Britain’s multi-prize-winning author Jane Gardam was virtually unknown in America until the publication of her delightful novel Old Filth in 2004. That book brought her the long-overdue attention she deserves.
Gardam’s writing is smart, bright and impressionistic: she colors places and characters deftly but never lingers too long on description or dialogue. Her novels are remarkable for their insinuation of the emotional undercurrents of ordinary lives.
Old Filth brought to life the unusual and unpredictable character of Sir Edward Feathers, a staid barrister recently retired and widowed whose life story courses through the waning years of the empire. (“Old Filth,” his nickname, is an acronym for Failed In London Try Hongkong.) The Man In the Wooden Hat is Gardam’s equally fascinating reprise of the story told from the perspective of Old Filth’s wife, Mary. In these two novels, which act like facing mirrors, we discover the complexities of their long marriage: fidelities and infidelities, jealousies and desires, unspoken kindnesses and remembered cruelties.
Crusoe’s Daughter is Gardam’s own favorite among her many novels. Again, with the fine tip of her word-brush, she paints a portrait of an intelligent, bookish girl who, at the turn of the 20th century, goes to live on the isolated northeast coast of Yorkshire with her spinster aunts and remains there into her own old age in the 1980s.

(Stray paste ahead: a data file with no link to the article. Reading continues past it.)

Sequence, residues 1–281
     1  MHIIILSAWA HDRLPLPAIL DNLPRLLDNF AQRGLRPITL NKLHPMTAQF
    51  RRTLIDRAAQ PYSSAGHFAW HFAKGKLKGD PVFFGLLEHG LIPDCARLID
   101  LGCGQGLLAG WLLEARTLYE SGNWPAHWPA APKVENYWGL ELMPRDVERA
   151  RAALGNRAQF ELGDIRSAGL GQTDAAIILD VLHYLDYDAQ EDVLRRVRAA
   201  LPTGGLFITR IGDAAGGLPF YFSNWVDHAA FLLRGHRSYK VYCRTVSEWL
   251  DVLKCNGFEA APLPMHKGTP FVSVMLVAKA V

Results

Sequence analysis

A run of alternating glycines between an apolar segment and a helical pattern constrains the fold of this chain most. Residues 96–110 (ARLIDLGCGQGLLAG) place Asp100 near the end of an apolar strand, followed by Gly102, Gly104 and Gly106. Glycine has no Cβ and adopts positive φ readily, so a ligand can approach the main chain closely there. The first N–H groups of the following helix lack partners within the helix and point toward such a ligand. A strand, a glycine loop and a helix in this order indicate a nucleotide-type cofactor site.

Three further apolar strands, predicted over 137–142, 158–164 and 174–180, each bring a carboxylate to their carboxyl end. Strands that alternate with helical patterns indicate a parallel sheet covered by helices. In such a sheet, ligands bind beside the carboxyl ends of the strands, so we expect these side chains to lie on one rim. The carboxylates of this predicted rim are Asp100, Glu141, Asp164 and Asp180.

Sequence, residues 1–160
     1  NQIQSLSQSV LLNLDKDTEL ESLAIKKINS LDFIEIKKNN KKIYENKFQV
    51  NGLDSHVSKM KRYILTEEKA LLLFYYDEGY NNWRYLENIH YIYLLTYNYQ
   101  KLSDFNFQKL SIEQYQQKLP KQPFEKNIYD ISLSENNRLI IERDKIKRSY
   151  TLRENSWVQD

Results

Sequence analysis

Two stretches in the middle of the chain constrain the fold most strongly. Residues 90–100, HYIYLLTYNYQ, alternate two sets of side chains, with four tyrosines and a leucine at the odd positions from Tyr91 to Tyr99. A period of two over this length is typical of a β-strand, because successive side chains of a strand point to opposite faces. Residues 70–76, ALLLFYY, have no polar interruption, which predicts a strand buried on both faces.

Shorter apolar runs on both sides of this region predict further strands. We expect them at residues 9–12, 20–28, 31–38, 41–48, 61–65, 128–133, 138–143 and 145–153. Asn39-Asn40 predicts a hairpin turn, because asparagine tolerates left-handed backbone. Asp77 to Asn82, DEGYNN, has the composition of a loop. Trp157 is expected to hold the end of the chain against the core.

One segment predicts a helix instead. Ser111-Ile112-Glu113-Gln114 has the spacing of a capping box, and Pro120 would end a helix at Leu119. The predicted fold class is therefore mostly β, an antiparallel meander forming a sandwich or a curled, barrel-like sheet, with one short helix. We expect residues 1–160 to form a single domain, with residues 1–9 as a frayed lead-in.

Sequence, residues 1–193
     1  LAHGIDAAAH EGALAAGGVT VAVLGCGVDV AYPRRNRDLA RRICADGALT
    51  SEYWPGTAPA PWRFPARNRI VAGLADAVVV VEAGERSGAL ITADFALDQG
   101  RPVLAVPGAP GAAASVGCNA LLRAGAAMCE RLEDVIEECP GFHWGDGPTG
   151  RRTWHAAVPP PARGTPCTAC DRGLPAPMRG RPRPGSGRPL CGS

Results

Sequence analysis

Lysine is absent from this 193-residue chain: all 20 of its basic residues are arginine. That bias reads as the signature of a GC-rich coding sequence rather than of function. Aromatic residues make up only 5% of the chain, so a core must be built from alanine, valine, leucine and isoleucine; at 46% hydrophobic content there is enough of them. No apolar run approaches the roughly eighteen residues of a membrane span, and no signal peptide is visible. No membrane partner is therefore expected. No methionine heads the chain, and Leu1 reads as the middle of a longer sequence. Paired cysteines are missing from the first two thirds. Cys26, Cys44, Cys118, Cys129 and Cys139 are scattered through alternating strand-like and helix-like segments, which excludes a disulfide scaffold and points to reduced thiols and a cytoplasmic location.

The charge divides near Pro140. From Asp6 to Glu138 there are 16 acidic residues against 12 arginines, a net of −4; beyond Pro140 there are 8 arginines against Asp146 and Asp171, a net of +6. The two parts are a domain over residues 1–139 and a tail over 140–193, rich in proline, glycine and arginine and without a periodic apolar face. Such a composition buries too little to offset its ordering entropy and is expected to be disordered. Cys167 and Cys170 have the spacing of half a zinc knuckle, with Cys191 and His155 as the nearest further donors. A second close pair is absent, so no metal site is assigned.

Crusoe’s Daughter, Gardam explains in her preface, was the “deeper” book she wanted to write after her initial successes, a story imagined from her mother’s experience of an “old-fashioned” world that had ceased to exist. Gardam says: “But it would not be a nostalgic, romantic or historical novel of bonnets and bustles and tea parties and endless summer days. I would show women of the early nineteenth [sic] century as I knew they had been—starved of money, employment, sex and the love of men who were not their ‘class’. Their success in life in these immovable, unrelenting country places was judged by their ability to get married as soon as possible to a suitable man who could support them, to breed, to live chaste and never to think of working for their living.”
That description pretty well sums up the book she wrote. It is quiet and exciting at the same time, full of ordinary events and emotion, much of it repressed. Protagonist Polly Flint’s attraction to the story of Robinson Crusoe becomes a leitmotif, and although the theme at times feels overdone (its use at the end is odd and not quite satisfying), Gardam creates a female character who is as determined, strong, rational and sexless as Defoe’s.